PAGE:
Apparently, we don’t believe we have enough options to conquer this need to live outside of ourselves and expect recreational marijuana to be the silver bullet for unhappiness.  History tells us that no  matter how many pacifiers we concoct that they will never be the solution for a nation of malcontents.


Ah, finally, you’re starting to get to a point. “Sometimes we have to escape ourselves”. While this is true, I also don’t think that this is why people are legalizing cannabis all over the world. The fact of the matter is that cannabis prohibition has a lot of overlap with alcohol prohibition, except its amplified. The Mafias during alcohol prohibition is nothing compared to the Cartels of drug prohibition. The problem isn’t about pacification, the problem is with government over reach. Furthermore, when you have some understanding of the mechanics of cannabis, you’d understand that endocannabinoid deficiencies do play a role in happiness.

This isn’t to say that you NEED cannabis to be happy, but for someone who is in a deep depression, or someone who can’t sleep due to PTSD, cannabis provides a buffer for them to find their way back to wholeness. It isn’t “because of cannabis” but rather “with the use of cannabis”.


Where I do wholeheartedly agree with Lloyd is that any substance is not a solution for a nation’s malcontents. This is the responsibility of the individual.


According to the mental health community, unhappiness has been increasing steadily since the 1970s and includes just about everybody — old and young alike, working class, college educated employed and unemployed.

It doesn’t make sense.   

This is the United States of America, where these unhappy citizens have more food than any other country. In fact we throw away enough to feed the 2,500,000 children that starve each year.  We have a premier medical system.

We are free to exercise our rights. It’s okay to call the president names or to stretch the truth on Facebook. We can travel the country without being harassed by government agents. 

While greed has required some controls on private enterprise, the economy is still controlled by the private sector. We can start new businesses if we wish.  We can choose our own religion and not that of the government.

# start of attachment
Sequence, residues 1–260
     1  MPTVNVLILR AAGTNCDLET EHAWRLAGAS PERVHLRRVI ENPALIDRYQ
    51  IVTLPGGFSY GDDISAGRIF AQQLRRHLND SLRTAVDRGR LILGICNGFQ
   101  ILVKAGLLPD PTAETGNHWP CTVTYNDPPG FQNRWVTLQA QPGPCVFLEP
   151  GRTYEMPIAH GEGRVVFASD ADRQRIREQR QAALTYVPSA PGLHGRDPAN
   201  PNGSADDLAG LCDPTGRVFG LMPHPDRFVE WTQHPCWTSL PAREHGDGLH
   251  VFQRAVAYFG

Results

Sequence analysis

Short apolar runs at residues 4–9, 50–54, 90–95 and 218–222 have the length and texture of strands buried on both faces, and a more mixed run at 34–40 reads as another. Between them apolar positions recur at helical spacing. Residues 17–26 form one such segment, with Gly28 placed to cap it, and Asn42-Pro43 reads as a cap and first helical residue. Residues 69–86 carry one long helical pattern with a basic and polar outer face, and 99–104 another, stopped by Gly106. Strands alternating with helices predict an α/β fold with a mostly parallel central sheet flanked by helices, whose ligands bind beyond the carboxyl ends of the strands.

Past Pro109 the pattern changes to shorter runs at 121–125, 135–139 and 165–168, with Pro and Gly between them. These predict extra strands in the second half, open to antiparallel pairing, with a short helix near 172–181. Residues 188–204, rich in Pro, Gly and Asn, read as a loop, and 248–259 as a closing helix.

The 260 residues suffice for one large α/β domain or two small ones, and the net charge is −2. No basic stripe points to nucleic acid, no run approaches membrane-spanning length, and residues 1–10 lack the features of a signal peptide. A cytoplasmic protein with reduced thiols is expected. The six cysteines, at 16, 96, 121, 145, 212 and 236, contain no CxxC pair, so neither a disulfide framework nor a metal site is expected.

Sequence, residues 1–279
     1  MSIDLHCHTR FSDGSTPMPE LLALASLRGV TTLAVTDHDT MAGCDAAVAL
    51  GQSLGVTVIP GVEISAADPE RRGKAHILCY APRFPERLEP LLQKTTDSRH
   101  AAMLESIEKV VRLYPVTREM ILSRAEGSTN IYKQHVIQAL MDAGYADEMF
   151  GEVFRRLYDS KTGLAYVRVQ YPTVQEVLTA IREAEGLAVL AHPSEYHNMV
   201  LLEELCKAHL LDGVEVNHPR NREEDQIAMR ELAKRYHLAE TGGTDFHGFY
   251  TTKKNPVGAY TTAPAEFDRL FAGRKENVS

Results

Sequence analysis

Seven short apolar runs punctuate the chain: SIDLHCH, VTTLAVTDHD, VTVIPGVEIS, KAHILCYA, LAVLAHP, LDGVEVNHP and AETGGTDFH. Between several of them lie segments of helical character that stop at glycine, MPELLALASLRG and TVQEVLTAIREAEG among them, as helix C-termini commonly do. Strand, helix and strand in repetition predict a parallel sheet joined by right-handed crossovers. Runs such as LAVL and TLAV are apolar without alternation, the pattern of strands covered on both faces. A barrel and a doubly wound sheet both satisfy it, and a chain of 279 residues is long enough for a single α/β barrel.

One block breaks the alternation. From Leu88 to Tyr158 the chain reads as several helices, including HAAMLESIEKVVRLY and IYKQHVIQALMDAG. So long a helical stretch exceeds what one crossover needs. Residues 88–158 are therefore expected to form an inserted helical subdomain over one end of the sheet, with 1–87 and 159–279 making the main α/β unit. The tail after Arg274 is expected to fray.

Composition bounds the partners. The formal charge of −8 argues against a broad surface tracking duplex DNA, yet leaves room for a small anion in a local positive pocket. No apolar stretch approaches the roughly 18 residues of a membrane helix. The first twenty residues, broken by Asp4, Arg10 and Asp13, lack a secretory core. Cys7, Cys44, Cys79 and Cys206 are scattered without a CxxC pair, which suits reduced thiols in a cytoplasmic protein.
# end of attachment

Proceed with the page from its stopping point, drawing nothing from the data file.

In the United States we have the most of everything and we still seem to be more unhappy than people with less. 

Another pacifier — like recreational marijuana — will not put an end to our unhappiness. 



Since the 1970s, “happiness” has been in decline. But this isn’t due to the things mentioned. While it’s true that the US has the ability to exercise many rights without government scrutiny unlike the people in North Korea for example, and that there is a surplus of food (albeit shit food), and that you have “some freedom of expression” (except if your Kanye) – another thing happened since the 1970s. Firstly, Nixon removed the US from the Gold Standard, and since then, the way people made money changed. This is something that many people don’t understand and as a result, the money gap between the top earners and the bottom earners widened.


Now, you couldn’t simply do an “honest day of work” and buy a house. Rather, you had to learn complex money making strategies where you borrow money and create profit from these dynamics, where most Americans were ill equipped to maneuver.


Secondly, the 1970s also established the War on Drugs. This meant that pharmaceutical companies were the sole monopoly on “accepted drugs” and since then, they started pumping people with anti-depressants, funded the media, the FDA, and started buying politicians.